However, for me, the most interesting exchange was a statement made by Rutherford B. Hayes, in his 1877 Inaugural Speech. Hayes was a Republican who won an election that was a virtual tie by agreeing, in a back room, to end Reconstruction on the one hand, and a counter-statement by James Garfield, also a Republican, in 1881. Garfield was cut down by an assassin a few months later.


The evils which afflict the Southern States can only be removed or remedied by the united and harmonious efforts of both races, actuated by motives of mutual sympathy and regard; and while in duty bound and fully determined to protect the rights of all by every constitutional means at the disposal of my Administration, I am sincerely anxious to use every legitimate influence in favor of honest and efficient local self-government as the true resource of those States for the promotion of the contentment and prosperity of their citizens. In the effort I shall make to accomplish this purpose I ask the cordial cooperation of all who cherish an interest in the welfare of the country, trusting that party ties and the prejudice of race will be freely surrendered in behalf of the great purpose to be accomplished.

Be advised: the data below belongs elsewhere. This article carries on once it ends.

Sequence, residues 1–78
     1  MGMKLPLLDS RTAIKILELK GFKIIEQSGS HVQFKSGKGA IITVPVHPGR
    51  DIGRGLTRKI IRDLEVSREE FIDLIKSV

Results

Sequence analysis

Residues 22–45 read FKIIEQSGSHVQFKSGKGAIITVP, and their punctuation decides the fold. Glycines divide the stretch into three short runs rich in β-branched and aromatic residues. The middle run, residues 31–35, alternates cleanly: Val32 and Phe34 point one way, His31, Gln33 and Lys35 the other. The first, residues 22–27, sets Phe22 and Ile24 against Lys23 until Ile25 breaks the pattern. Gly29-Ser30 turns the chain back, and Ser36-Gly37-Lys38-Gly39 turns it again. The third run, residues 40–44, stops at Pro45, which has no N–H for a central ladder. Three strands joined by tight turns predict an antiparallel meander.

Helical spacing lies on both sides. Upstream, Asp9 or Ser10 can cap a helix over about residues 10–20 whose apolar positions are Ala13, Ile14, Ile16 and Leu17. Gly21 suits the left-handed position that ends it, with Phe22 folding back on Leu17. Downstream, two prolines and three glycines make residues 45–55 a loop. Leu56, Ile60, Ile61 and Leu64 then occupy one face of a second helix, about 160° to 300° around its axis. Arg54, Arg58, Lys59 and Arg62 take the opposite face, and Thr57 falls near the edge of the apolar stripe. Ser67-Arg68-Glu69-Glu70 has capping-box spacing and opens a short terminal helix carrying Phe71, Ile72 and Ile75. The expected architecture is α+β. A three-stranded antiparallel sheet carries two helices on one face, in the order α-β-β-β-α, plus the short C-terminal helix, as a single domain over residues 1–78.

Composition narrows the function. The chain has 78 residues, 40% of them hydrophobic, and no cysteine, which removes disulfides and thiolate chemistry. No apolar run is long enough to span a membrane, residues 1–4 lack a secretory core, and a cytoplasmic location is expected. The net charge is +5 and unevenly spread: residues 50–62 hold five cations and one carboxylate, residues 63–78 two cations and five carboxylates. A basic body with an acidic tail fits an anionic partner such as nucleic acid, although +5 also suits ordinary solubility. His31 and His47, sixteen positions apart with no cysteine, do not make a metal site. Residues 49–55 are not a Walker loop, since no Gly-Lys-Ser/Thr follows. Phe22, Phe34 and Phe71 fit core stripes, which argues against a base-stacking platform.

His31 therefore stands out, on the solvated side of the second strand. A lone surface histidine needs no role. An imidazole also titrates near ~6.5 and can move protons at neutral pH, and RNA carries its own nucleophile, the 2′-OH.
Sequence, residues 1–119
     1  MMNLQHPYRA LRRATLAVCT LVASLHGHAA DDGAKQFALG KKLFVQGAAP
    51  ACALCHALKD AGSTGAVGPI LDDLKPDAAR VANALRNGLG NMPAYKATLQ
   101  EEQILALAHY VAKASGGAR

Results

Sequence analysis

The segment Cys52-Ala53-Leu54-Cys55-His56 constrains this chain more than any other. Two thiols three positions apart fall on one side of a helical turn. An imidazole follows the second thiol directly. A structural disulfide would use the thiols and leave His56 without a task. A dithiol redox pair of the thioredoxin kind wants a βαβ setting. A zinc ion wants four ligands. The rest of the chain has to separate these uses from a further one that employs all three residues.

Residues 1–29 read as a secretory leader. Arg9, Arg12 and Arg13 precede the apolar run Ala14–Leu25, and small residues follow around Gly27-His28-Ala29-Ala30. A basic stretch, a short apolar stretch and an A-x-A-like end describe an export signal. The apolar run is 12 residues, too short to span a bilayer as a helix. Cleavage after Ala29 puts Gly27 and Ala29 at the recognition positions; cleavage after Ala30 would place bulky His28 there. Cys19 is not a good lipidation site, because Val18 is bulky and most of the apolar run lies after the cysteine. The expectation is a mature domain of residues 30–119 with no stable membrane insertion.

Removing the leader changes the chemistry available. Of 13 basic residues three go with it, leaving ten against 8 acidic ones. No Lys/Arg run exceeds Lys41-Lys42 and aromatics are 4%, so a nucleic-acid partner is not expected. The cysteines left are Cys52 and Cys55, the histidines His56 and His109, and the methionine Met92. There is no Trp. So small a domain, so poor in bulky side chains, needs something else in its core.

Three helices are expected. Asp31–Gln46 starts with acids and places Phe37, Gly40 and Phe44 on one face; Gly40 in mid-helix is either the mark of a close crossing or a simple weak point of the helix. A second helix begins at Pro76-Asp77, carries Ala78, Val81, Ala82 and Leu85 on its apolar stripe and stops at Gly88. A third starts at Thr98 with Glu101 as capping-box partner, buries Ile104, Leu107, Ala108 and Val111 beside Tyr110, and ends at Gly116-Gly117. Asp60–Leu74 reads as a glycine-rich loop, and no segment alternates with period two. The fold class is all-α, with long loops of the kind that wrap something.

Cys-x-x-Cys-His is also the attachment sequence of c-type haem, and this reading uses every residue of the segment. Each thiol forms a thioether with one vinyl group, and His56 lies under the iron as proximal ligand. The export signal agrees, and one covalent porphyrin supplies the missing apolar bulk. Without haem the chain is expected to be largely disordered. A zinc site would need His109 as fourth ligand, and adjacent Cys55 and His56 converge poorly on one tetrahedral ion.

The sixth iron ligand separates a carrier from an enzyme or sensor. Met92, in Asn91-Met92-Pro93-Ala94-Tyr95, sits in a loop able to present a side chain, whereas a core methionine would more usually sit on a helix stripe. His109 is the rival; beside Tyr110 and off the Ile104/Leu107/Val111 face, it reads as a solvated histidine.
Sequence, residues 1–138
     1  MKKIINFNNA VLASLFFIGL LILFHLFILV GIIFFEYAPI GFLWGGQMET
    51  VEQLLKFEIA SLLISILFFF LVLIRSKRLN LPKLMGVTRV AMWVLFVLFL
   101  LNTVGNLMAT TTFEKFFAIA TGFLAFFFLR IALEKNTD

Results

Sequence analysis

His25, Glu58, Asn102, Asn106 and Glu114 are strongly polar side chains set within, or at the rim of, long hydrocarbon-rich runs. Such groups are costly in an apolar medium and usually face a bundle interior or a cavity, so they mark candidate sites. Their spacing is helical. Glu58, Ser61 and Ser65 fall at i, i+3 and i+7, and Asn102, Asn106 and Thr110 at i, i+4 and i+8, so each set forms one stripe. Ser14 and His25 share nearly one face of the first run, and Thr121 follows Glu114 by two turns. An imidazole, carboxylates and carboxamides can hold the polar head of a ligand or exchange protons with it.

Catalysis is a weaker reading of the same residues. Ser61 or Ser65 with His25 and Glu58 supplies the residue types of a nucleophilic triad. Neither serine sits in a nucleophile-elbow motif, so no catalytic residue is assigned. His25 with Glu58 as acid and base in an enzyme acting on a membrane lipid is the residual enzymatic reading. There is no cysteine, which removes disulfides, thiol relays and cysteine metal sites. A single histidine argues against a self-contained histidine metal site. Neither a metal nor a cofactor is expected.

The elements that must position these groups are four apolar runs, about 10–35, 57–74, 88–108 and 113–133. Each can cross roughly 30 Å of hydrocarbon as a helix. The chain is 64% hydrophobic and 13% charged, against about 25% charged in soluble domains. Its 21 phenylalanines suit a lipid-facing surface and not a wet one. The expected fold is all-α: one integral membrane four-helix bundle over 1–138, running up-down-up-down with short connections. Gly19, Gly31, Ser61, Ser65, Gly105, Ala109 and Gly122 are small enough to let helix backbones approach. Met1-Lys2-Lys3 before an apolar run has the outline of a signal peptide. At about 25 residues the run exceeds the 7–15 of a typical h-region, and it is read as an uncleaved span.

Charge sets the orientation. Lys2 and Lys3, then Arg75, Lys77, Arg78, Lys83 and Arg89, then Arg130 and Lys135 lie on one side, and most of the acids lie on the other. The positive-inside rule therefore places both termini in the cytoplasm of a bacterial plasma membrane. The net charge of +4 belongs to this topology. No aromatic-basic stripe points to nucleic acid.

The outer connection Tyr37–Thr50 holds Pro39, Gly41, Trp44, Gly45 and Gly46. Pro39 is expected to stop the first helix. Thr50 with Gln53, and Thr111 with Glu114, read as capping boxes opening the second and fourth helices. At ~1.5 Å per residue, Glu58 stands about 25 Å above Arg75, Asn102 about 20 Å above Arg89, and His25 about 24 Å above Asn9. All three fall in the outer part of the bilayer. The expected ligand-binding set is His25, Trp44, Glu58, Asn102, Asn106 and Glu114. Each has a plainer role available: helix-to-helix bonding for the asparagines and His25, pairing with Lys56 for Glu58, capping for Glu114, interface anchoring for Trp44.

The elevation of the negro race from slavery to the full rights of citizenship is the most important political change we have known since the adoption of the Constitution of 1787. No thoughtful man can fail to appreciate its beneficent effect upon our institutions and people. It has freed us from the perpetual danger of war and dissolution. It has added immensely to the moral and industrial forces of our people. It has liberated the master as well as the slave from a relation which wronged and enfeebled both. It has surrendered to their own guardianship the manhood of more than 5,000,000 people, and has opened to each one of them a career of freedom and usefulness … No doubt this great change has caused serious disturbance to our Southern communities. This is to be deplored, though it was perhaps unavoidable. But those who resisted the change should remember that under our institutions there was no middle ground for the negro race between slavery and equal citizenship. There can be no permanent disfranchised peasantry in the United States. Freedom can never yield its fullness of blessings so long as the law or its administration places the smallest obstacle in the pathway of any virtuous citizen.